By Nov. 17, at least 197,659 people in prison had tested positive for the illness, an 8 percent increase from the week before.

New infections the week of Nov. 17 reached their highest level since the start of the pandemic after rising sharply the week before. The new surges far outpaced the previous peak in early August.

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COVID Tears Through State Prison In Anamosa

The coronavirus is tearing through Iowa’s prisons, infecting more than 3,400 incarcerated individuals and staff and killing 9: eight inmates and one employee. The Anamosa State Penitentiary is one of the hardest-hit institutions, where more than three-quarters of the incarcerated population have contracted COVID-19.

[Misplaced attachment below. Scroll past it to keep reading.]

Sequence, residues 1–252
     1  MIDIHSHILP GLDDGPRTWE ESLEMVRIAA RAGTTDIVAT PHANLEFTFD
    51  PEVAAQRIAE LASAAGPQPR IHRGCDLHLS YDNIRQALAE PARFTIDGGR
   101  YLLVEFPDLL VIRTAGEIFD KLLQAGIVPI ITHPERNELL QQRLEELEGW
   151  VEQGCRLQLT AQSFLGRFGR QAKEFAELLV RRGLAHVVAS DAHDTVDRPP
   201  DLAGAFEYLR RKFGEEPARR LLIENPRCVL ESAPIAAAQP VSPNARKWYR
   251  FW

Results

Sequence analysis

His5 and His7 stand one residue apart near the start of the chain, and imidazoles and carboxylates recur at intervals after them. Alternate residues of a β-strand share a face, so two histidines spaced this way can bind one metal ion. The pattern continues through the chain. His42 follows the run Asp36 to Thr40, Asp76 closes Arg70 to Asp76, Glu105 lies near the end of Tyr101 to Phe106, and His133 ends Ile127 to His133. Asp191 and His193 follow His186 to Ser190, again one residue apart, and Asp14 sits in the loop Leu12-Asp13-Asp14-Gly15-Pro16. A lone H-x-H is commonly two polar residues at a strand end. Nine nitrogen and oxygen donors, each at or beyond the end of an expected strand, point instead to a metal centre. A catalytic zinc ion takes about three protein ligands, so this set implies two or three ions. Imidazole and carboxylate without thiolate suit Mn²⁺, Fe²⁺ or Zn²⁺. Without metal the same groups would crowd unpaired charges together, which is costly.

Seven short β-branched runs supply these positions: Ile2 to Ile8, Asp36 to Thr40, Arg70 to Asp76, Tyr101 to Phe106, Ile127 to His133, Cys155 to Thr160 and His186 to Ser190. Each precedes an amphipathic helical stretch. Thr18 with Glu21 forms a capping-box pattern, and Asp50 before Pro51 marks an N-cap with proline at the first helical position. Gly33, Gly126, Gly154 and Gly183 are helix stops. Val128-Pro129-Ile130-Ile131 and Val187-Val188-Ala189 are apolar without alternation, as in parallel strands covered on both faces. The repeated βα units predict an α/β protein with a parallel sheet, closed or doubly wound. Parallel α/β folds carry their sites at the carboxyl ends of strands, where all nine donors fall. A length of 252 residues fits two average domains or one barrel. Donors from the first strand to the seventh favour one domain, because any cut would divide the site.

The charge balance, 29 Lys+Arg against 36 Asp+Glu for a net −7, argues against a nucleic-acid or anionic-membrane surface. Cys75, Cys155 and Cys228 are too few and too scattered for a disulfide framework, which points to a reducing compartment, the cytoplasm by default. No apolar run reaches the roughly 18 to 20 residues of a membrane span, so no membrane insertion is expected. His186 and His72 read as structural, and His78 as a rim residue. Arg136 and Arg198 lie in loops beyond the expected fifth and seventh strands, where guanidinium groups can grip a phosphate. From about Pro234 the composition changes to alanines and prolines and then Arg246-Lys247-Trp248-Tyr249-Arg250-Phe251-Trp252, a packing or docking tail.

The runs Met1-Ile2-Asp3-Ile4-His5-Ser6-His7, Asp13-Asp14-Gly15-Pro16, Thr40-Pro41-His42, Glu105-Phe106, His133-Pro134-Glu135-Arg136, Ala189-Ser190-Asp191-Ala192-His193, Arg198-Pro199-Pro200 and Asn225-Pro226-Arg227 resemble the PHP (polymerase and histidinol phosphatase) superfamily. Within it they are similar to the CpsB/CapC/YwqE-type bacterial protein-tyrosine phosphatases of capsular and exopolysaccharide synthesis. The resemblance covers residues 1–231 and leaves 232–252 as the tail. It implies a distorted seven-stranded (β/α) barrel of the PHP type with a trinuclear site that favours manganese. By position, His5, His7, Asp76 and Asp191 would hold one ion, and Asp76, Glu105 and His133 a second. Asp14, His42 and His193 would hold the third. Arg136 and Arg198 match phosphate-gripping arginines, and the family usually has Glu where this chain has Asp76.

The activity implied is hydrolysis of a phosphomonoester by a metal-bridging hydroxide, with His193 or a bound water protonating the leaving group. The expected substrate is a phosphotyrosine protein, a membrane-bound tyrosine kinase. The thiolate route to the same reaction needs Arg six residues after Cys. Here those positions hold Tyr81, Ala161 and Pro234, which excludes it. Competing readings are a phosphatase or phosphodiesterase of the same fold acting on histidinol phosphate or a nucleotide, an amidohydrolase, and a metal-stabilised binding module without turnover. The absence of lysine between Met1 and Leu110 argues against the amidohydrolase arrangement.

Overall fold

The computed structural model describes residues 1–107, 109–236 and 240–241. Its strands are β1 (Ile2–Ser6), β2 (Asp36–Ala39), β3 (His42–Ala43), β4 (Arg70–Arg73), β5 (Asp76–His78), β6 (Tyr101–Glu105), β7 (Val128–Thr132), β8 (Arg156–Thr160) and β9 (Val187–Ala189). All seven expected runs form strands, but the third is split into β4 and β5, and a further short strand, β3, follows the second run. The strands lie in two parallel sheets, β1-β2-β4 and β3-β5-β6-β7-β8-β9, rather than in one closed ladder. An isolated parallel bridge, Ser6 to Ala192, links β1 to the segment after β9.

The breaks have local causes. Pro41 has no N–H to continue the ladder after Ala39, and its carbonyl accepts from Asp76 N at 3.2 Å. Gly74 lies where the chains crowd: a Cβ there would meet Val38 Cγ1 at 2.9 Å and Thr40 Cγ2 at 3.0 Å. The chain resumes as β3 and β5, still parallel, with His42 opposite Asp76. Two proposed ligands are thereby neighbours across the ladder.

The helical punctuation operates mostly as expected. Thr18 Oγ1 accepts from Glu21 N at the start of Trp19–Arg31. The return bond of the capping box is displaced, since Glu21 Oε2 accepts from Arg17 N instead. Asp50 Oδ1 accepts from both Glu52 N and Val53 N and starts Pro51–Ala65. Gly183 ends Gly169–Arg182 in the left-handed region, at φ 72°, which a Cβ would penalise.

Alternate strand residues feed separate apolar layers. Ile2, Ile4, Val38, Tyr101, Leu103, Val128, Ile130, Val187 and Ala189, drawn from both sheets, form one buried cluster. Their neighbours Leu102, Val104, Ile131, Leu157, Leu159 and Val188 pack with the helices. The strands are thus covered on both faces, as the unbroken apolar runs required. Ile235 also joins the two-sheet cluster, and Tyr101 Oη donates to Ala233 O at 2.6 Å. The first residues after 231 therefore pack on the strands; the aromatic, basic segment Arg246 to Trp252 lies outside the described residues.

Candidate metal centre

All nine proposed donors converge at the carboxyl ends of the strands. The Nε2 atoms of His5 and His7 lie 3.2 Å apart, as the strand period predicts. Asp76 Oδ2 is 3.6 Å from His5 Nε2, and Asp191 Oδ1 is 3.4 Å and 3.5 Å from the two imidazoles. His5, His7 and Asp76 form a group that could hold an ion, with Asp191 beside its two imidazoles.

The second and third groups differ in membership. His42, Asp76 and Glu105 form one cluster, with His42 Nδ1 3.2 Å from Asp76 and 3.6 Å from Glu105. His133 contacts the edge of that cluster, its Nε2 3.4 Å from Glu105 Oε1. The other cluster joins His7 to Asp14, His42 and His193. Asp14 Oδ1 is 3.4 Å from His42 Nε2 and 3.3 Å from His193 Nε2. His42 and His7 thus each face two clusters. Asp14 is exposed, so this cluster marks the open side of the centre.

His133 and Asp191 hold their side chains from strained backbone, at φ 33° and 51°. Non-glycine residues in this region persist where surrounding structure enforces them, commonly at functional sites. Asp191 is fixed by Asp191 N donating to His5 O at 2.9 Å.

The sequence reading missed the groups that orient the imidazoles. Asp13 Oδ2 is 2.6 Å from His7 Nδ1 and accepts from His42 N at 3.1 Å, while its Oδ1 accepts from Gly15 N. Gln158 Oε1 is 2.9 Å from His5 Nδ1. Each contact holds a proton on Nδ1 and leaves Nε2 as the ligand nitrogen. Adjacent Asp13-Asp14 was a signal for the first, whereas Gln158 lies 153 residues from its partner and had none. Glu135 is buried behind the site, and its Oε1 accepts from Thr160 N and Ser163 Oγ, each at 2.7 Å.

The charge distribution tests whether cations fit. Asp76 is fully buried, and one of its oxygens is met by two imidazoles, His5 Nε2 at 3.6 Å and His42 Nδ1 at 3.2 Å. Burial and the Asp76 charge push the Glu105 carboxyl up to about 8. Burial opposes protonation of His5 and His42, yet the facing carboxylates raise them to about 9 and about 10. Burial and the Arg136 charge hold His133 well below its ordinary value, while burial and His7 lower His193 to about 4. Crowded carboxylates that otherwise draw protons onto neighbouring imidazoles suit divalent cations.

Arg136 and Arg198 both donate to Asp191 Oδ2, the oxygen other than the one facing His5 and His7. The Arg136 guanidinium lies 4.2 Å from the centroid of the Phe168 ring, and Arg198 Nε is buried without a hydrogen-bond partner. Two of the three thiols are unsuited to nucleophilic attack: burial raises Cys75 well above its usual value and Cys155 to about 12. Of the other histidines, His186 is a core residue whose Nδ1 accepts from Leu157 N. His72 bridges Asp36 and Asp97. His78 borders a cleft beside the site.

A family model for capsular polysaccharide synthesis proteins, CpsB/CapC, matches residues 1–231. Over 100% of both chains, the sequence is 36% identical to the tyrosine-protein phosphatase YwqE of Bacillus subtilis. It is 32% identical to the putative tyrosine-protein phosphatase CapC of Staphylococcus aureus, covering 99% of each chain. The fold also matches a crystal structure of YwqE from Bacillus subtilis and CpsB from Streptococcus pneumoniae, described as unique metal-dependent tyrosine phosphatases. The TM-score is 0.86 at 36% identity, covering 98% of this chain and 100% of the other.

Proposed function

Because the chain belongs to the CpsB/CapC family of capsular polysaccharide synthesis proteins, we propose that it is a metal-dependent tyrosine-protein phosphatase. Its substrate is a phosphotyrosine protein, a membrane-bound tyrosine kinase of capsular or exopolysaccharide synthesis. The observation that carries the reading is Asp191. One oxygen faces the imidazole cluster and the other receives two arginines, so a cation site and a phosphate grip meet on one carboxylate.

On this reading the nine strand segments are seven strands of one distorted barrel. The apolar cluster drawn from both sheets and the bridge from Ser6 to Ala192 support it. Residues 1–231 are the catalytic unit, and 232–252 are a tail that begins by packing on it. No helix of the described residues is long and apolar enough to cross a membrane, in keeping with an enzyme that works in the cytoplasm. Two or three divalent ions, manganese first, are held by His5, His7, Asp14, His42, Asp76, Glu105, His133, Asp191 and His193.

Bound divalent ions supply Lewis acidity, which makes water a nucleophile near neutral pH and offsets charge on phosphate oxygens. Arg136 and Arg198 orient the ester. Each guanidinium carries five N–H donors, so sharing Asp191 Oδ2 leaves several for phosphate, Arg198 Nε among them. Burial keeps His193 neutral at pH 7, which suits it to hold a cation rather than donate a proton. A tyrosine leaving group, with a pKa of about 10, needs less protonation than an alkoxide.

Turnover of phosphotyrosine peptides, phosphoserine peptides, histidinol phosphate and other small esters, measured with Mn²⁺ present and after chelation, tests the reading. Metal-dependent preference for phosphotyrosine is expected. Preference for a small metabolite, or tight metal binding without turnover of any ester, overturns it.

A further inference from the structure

At the state prison in Anamosa, the thing that family members and advocates have been warning of for months has happened: the prison has become a sprawling, stone petri dish for the coronavirus.

As of Friday, more than 77% of the people incarcerated there had tested positive for COVID-19, according to a state tally. Many of them are considered recovered, but three have died. Additionally, 124 staff members there have also reported contracting the disease.

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The Final Words Of John Lewis

Ordinary people with extraordinary vision can redeem the soul of America by getting in what I call good trouble, necessary trouble. Voting and participating in the democratic process are key.

The vote is the most powerful nonviolent change agent you have in a democratic society. You must use it because it is not guaranteed.

You can lose it.

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Reality Winner Tests Positive For COVID-19

Former intelligence contractor and whistleblower Reality Winner has tested positive for COVID-19.